Who are your cultural heroes? > Monet, Beethoven, Shakespeare, Bob Dylan.
What is the best novel you’ve ever read? > Melville’s Moby Dick.
What is your favourite poem? > For a long time it was Leaves of Grass (the 1855 edition only, thank you), but lately I seem to be swinging back to Eliot’s Four Quartets.
What is your favourite movie? > Three way tie: The Godfather (I and II only), Carné’s Les Enfants du Paradis, and Citizen Kane.
What is your favourite song? > Changes over time. Currently Neil Young’s ‘The Painter’ is even with Rufus Thomas’s ‘Give Me The Greenlight’ and Clint Black’s ‘Same Old Train’.
Can you name a major moral, political or intellectual issue on which you’ve ever changed your mind? > I’ve got an ever lengthening list. Suffice it to say that, while standing on the Brooklyn Heights Promenade on September 11 and watching the towers fall, I began a long and painful process of jettisoning almost everything I believed on the central issues of our era. From a student radical/hippie/leftist of the Free Speech Movement/Vietnam Day Commitee era and a full-on Democratic Liberal in the decades after, I think I’ve evolved a politics that is neither right nor left but is, in its elemental nature, draconian. In the last four years, I’ve taken apart my beliefs with a sledgehammer. Now I’ve got to put the surviving parts back together with tweezers and other ‘shabby equipment, always deteriorating’.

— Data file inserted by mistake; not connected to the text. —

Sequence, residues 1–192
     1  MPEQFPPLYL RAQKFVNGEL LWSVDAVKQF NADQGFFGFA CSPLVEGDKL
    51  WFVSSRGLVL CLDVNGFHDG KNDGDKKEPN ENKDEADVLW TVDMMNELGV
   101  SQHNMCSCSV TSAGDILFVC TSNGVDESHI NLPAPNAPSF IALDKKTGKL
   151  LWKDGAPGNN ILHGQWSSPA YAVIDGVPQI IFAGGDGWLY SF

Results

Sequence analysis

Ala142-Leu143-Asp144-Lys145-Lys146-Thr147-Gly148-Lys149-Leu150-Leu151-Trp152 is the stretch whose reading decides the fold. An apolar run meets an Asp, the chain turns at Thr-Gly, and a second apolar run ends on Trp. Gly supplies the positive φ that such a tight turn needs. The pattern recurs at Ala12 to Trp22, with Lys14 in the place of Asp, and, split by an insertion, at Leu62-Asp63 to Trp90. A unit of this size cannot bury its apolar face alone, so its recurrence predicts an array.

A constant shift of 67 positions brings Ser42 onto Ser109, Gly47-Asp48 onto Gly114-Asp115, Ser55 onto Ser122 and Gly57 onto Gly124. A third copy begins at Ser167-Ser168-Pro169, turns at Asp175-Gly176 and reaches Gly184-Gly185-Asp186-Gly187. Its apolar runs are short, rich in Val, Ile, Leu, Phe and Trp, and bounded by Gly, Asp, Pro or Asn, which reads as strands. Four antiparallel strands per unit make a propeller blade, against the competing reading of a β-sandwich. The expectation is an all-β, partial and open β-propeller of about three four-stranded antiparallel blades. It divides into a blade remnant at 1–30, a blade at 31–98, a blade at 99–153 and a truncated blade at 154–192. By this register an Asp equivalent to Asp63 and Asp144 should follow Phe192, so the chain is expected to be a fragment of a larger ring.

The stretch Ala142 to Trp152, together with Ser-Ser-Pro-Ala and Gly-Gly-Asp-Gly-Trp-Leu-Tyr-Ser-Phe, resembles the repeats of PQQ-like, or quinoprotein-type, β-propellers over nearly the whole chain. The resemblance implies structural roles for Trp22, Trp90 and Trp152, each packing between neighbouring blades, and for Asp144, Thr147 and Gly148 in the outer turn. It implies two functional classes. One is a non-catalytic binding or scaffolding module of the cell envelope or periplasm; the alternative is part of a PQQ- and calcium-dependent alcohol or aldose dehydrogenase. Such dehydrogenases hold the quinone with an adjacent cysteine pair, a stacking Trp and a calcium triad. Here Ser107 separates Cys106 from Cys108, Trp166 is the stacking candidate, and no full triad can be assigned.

What philosophical thesis do you think it most important to disseminate? > Man is born into and lives with a state of hazard that can be ameliorated only through intellectual and spiritual freedom. The human condition is, as John Fowles evokes in The Aristos, like those on Géricault’s ‘The Raft of the Medusa’. Always in danger of being subsumed by works or by nature, yet always just within sight of rescue and redemption.
What philosophical thesis do you think it most important to combat? > Enforced collectivism. Only through fire is fascism finished. Any element that arises from Marxism/Leninism/Maoism is deeply suspect. The debased socialism that forms the bulwark of today’s politically correct, proto-fascist and wet liberal establishment must be sent back to the dealers as a lemon. This is not to say that the opposite unfettered capitalist-libertarian ethos is either preferable or the replacement.
Can you name a work of non-fiction which has had a major and lasting influence on how you think about the world? > Montaigne: The Complete Essays (trans. Screech). As someone working in the essay, I’m constantly reminded that everyone working in the essay is just compiling footnotes to Montaigne.